Yes, it appears that the component parts of sarin were sold to Syria until very recently, but also to the people who are arming and supporting particular groups of the 'rebels'; i.e. Saudi Arabia. That the UK did not sell actual chemical weapons is hardly an excuse although government people think it is, but it is also evidence that the UK knew what they were selling for. The fighting, although the government has expressed a willingness to cease fire and negotiate, is continuing relentlessly. It looks like Russia probably had people on the ground there who know what is going on unlike other countries, so that along with a growing body of evidence that rebels have various chemical weapons that the West is refusing to accept (why?), is the elephant in the room nobody wants to see'
I really enjoyed everyone's contributions but was saddened by the personal nature and 'dumming down' of some remarks.
I think that the Syrian situation still has a long way to go. The Russians have not accepted the UN inspectors' direction that the chemicals used were from the Syrian army. By the way how can they tell? They can say they were used but how do they know who used them.
Last week on Question Time it was stated that the UK sold the Syrians the chemicals to make the weapons - is this true?
Presumably all the time we've all been focusing on whether there would be an attack by the US the fighting has continued between the Syrian army and the rebels. Although as far as the newspapers are concerned nothing has been happening on that front! I imagine people are continuing to die in the traditional manner!!!
True, but is that not rather a typically eclectic British way of discussing an issue? I think it is great that way, stops things running into the sand with always the possibility to divert back.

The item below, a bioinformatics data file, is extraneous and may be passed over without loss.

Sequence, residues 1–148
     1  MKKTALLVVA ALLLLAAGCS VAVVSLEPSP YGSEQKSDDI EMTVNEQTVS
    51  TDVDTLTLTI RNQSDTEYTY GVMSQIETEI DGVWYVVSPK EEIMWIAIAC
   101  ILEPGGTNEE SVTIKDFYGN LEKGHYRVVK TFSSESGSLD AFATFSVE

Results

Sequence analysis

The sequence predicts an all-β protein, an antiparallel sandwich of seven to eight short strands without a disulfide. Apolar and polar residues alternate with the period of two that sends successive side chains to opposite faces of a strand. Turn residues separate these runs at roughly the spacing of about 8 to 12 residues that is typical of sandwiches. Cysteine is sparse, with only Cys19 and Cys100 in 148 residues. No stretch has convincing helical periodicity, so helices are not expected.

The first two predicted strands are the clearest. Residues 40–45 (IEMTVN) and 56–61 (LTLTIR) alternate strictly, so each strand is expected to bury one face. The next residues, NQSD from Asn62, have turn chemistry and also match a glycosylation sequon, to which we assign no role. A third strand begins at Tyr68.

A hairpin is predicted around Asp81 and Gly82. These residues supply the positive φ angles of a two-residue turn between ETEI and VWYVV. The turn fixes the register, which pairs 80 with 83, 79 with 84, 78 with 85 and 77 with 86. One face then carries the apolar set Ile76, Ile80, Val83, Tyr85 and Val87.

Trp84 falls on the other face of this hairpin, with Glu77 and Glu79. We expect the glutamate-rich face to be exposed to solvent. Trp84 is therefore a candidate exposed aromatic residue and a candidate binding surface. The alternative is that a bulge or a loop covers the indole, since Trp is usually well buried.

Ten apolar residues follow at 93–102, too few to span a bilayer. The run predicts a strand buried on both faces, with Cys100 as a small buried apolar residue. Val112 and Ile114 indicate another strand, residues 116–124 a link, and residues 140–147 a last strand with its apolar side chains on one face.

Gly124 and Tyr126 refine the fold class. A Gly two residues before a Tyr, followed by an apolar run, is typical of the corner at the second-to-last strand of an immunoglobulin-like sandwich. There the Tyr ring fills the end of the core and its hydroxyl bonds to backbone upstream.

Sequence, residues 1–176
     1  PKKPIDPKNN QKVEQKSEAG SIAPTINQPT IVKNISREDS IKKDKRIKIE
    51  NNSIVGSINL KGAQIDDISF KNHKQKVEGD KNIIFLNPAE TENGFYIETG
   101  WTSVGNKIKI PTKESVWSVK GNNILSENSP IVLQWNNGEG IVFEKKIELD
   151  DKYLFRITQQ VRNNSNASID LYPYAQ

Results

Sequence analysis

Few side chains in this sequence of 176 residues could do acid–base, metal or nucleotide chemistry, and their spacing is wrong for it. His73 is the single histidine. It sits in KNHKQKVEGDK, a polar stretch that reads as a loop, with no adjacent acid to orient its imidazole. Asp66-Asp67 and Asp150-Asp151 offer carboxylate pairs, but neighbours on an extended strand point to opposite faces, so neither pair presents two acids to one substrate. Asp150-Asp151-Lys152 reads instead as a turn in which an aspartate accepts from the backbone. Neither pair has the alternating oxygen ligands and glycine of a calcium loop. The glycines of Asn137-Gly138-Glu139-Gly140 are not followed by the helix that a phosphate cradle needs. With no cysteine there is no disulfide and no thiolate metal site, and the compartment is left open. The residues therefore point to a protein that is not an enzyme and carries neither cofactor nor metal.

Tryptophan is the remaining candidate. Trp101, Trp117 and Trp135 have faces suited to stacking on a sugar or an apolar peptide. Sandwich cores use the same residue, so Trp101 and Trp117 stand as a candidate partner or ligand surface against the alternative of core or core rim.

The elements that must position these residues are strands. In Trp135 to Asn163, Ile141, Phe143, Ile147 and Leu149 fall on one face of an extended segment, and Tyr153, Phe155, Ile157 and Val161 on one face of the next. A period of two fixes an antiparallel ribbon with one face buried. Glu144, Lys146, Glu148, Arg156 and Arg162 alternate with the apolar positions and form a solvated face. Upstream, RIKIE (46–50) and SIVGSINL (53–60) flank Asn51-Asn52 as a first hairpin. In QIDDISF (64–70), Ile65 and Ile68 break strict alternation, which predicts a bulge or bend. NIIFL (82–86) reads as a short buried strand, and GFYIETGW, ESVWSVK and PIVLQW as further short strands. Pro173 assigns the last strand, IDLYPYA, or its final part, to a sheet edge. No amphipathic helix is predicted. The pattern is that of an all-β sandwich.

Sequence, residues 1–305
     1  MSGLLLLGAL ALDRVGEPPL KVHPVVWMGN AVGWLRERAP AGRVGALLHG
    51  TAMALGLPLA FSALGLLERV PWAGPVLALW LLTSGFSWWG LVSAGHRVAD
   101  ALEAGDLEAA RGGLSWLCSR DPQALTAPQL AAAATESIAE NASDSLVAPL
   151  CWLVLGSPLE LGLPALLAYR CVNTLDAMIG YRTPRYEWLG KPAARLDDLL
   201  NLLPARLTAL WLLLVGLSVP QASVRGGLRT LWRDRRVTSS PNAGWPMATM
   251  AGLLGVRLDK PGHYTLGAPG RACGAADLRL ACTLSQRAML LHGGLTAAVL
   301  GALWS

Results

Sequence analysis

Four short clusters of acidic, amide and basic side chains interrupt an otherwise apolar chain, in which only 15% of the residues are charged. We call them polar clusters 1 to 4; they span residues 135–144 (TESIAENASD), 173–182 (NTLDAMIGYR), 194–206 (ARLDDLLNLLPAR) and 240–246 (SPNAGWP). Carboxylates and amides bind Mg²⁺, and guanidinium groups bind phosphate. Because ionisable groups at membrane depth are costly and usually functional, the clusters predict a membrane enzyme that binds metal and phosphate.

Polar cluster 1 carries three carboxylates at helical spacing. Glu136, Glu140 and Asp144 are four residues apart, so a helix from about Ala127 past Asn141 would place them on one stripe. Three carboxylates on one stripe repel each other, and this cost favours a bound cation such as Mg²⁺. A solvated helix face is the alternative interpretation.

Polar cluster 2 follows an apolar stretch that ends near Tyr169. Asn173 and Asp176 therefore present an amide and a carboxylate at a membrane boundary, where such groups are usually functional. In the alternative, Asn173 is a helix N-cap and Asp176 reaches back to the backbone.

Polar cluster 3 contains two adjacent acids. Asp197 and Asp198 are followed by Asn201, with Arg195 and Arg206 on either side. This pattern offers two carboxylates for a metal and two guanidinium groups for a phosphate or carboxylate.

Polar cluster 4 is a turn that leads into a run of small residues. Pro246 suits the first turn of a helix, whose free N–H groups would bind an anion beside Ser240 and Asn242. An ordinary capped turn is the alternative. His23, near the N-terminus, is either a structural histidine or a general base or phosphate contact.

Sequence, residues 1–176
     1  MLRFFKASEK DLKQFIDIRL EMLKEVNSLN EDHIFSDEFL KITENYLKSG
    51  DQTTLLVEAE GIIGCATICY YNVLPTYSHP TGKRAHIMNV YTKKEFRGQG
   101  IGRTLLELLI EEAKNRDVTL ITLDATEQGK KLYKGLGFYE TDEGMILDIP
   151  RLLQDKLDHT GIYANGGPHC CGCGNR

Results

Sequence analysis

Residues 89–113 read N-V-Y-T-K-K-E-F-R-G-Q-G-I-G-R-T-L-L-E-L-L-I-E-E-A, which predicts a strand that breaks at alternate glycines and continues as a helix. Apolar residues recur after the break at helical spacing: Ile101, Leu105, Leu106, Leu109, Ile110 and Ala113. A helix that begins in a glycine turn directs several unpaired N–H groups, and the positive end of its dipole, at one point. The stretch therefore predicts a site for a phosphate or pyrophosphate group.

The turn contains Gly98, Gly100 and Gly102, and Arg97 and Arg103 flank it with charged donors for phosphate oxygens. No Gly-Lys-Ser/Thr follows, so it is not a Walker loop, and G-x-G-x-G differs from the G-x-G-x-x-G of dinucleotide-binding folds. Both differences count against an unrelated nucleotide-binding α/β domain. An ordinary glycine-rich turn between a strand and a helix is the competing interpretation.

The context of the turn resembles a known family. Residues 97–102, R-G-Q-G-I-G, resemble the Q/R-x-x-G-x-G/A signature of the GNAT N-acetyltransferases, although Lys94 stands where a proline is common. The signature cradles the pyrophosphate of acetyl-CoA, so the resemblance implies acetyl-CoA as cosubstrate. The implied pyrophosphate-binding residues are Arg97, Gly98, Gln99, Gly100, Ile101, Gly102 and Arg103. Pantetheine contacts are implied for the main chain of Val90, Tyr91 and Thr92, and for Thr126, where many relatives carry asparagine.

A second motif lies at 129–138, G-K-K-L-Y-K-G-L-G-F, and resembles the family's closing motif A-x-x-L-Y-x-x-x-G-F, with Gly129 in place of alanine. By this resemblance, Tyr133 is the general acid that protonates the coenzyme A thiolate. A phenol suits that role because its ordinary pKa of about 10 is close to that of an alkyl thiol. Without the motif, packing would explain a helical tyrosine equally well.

I am afraid that the Avaaz petition sort of hi-jacked this discussion. And I am going to do it again in the absence (I think) of any other place to write. The avaaz petition garnered a million votes from around the world in about a week (It is now up to 1,200,000 or so and still growing albeit slowly now). The facebook page in support of the robbed jeweller in Nice who shot one of the robbers has gained well over 1,000,000 "likes" - mainly, one presumes from Francophones. It is a rum world.....
Yes! In most cases certainly.
Several UNO officials have been telling us for months that it were in fact the rebels using chemical weapons (Google "Carla del Ponte"). The last big so-called gaz attack in Damascus was not actually an attack but apparently an accident caused by bad manipulation of a chemical weapon delivered to the rebels by the Saoudis. Everything told to us about Syria by mainstream media stinks.
Better and more correct info seems to come from journalists like Lizzy Phelan, Webster Tarpley, Michel Collon, Thierry Meysan, etc....
He's a politician, could we really expect better irrespective of 'side'?
The US-Russia deal on Syria's chemical weapons is a "victory" that averts war, a Syrian minister says. BBC 13.43 today
Main difference perhaps to simplify is the 'fieldwork' which anthros do, living 24 hours a day with their study subjects fora lengthy period (a year is not uncommon) in order to collect data for an entire ethnology. Sociologists are less likely to do any kind of comparable fieldwork, often collect data using interview methods or entirely out of existing texts such as social surveys, articles or books.